There is probably no more important waterfowl area in the country than these refuges in the Upper Klamath Basin… (the refuges “act like a waist in the hourglass’ (so) “all the birds inn the Pacific Flyway funnel their way through this area in their annual migrations.” Secretary of the Interior, Stewart Udall, 1962
Overview and quick history of the landscape, wildlife and people that make the Klamath Basin National Wildlife Refuges what it is, a natural wonder of diversity.
The Klamath Basin National Wildlife Complex is made of six refuges: Lower Klamath, Tule Lake, Clear Lake, Upper Klamath, Klamath Marsh and Bear Valley National Wildlife Refuges. These are wonderful places for all. Over 490 species of birds, mammals, reptiles, amphibians and fish have been found in the Upper Klamath Basin.
Managing natural resources in the Klamath Basin National Wildlife Complex.
A Year in the LIfe of the Klamath Basin National Wildlife Refuges. The six refuges span the Upper Klamath Basin from Klamath Marsh, east of Crater Lake National Park, to Tule Lake and Lower Klamath, north of the Lava Beds National Monument.
Man and wildlife coexist in a controlled natural environment.
Upper Klamath National Wildlife Refuge is located some 24 miles north of Klamath Falls, Oregon. Crater Lake National Park lies approximately 20 miles north of the refuge. The refuge is on the northwestern side of Upper Klamath Lake. Point Comfort Lodge looks across Pelican Bay at refuge marshlands.
Between mountain forest, creeks and lake.
Upper Klamath National Wildlife Refuge, now comprising 14,966 acres of swamp and open water, was established in 1928. At an elevation of slightly above 4,000 feet, it lies in the shadow of the forested east base of of the Cascade Mountains and is watered by mountain streams and deep, clear springs.
There is much to do and much to see.
Popular recreation activities on Upper Klamath national Wildlife Refuge include fishing, wildlife obsevation, canoeing, photography, birding, boating and waterfowl hunting.
The Pacific Flyway stops off at Point Comfort Lodge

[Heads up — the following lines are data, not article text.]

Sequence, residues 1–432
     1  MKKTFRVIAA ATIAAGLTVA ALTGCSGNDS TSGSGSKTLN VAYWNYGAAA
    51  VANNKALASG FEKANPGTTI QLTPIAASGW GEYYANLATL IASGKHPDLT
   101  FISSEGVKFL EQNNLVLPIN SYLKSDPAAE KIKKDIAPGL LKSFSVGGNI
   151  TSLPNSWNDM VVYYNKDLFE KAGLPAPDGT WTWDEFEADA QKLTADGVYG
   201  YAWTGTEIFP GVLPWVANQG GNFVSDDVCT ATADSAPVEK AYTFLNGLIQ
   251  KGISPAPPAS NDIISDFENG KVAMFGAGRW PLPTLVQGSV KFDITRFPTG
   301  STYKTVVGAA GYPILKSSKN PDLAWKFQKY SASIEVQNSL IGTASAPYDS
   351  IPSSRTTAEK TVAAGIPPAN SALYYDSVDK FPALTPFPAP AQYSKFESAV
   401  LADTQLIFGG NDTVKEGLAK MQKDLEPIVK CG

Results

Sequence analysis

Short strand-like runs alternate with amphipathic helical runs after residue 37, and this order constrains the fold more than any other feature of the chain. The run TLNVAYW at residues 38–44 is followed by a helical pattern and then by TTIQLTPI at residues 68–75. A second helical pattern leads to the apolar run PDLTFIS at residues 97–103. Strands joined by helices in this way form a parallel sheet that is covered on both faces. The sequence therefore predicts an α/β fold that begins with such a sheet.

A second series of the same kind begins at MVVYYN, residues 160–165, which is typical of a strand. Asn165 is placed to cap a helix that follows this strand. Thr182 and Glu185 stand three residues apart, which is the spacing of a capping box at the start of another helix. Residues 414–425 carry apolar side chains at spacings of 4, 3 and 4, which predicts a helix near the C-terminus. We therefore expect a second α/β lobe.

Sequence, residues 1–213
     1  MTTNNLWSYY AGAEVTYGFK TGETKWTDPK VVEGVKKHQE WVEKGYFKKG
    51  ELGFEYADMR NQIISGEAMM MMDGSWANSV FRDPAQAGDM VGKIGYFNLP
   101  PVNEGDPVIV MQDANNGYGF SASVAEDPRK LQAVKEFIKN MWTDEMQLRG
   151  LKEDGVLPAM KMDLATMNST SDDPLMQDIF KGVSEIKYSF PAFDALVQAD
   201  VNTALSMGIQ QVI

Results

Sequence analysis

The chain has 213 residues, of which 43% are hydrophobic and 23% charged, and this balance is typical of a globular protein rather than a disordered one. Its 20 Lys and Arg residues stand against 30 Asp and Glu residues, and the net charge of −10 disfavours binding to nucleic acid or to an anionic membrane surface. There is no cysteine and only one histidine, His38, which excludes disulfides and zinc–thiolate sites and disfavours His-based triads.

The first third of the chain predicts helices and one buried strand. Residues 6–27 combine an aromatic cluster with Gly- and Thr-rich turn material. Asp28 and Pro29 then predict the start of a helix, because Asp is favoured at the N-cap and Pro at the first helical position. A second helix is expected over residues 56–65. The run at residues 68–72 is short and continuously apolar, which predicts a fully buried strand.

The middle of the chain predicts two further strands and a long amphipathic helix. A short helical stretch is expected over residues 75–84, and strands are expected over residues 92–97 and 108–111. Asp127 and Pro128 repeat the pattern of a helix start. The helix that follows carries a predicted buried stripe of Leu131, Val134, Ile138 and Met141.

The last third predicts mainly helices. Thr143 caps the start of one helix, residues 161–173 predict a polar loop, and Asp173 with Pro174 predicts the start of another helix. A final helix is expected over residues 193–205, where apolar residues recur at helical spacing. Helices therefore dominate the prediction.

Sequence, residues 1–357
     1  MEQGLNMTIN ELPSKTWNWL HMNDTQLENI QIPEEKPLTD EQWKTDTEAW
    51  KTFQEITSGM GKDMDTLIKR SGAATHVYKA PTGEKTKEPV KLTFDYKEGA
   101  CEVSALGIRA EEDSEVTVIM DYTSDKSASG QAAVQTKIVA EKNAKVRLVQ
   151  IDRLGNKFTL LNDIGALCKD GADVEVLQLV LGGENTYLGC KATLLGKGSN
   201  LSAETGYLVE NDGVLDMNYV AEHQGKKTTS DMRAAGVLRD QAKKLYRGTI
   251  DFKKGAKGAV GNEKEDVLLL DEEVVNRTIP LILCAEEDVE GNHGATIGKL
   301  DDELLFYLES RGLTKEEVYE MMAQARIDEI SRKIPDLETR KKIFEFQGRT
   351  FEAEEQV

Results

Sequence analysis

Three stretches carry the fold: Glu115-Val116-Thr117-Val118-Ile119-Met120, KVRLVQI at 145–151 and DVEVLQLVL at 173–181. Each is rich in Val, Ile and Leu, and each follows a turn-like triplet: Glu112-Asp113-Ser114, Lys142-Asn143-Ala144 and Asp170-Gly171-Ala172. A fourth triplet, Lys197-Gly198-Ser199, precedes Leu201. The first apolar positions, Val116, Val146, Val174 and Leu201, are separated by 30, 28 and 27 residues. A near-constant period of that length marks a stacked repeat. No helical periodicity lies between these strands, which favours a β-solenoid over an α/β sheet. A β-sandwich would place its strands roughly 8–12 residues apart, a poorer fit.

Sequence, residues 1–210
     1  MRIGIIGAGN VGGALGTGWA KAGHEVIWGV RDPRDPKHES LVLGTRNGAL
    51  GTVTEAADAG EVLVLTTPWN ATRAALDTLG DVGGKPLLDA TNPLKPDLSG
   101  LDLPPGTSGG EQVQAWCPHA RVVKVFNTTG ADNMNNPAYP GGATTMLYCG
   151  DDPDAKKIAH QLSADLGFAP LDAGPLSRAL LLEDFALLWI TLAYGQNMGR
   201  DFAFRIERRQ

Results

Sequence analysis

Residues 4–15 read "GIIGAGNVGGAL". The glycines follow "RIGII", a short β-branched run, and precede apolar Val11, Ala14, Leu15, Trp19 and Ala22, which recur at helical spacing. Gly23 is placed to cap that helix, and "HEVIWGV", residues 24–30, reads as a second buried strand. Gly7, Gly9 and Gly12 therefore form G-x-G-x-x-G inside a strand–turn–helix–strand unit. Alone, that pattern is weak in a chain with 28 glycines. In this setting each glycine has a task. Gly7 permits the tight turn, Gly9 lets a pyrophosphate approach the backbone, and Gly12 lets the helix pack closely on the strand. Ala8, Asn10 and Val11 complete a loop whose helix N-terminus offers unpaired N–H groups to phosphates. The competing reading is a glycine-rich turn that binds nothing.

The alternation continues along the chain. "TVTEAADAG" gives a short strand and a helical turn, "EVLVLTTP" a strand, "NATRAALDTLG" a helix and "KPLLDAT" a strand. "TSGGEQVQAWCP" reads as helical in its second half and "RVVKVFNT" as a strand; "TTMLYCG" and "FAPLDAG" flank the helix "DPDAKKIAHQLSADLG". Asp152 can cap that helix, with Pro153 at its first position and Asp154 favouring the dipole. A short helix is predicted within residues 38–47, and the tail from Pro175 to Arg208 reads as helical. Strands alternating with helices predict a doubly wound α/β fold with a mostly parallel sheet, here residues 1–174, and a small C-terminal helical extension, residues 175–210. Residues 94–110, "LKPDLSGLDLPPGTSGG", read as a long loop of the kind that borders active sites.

In summer, mallards, pintails, cinnamon teal, Virginia rails, American bitterns, wood ducks, grebes, and many other birds congregate here. On the marsh is a rookery with double-crested cormorants, blue herons, black-crowned night herons, white pelicans, grebes and common egrets.
Canoe trail through paradise found
The Refuge cooperates with the Forest Service to sign and maintain a two loop canoe trail through the Klamath Marsh. About two-thirds of the 8.5 mile canoe trail route is on Refuge waters, with the balanceon Forest Service property.
Forest & Flowers in a majestic landscape
Aspen, white fir, red fir, Douglas fir, and Ponderosa dominate steep slopes
that come down to the spring waters. On open slopes pentstemons, asters,
paintbrushes, blue lupines, and other flowering plants add dramatic color
to the landscape.
A Bald Eagle nest along Recreation Creek
Several bald eagles live year-round in trees near the refuge. Bald eagles rest in trees at Point Comfort as they go from their nests to hunting and back. At times adolescent bald eagles who have been kicked out of their nests take comfort at Point Comfort Lodge.
Step Back In Time
In the early 1900’s Rocky Point Resort along with Harriman Springs and Point Comfort, was the gateway for travelers going to Crater Lake. Eating a fine meal on the resort’s outdoor dining area, overlooking the marsh, is time well spent.
Abundant diversity, textures, sounds and light
The season roll on through the marshes and open waters of Upper Klamath National Wildlife Refuge. The star filled skies are celestial poetry in motion, here the Milky Way shimmers in volume and brightness. On the ground the rhythms of survival and regeneration run their course. Listen to the marsh songs and a bald eagle diving at a fish.
Water, Marsh & Land
This view from Pelican Butte looks down on Upper Klamath National Wildlife Refuge, Upper Klamath Lake and Pelican Bay’s mouth. Pelican Butte is a snow mobile destination in the winter. In the summer it is the big view of a remarkable land – north, east, south and west.
It is easy to see why here was called America’s Switzerland
Mt. McLoughlin, 9,495 ft., provides an enchanting backdrop for resting sea gulls. Not that long ago steamboats came up this bay with passengers and cargo.
We can all be one with an amazing world
Upper Klamath National Wildlife Refuge is unique among the six Basin refuges for its vast tule marsh, drowned stream channels outlined with willow-lined banks rising above impounded waters, and coniferous forests on steep mountain slopes along it’s western boundary.
©2014 Anders Tomlinson, all rights reserved.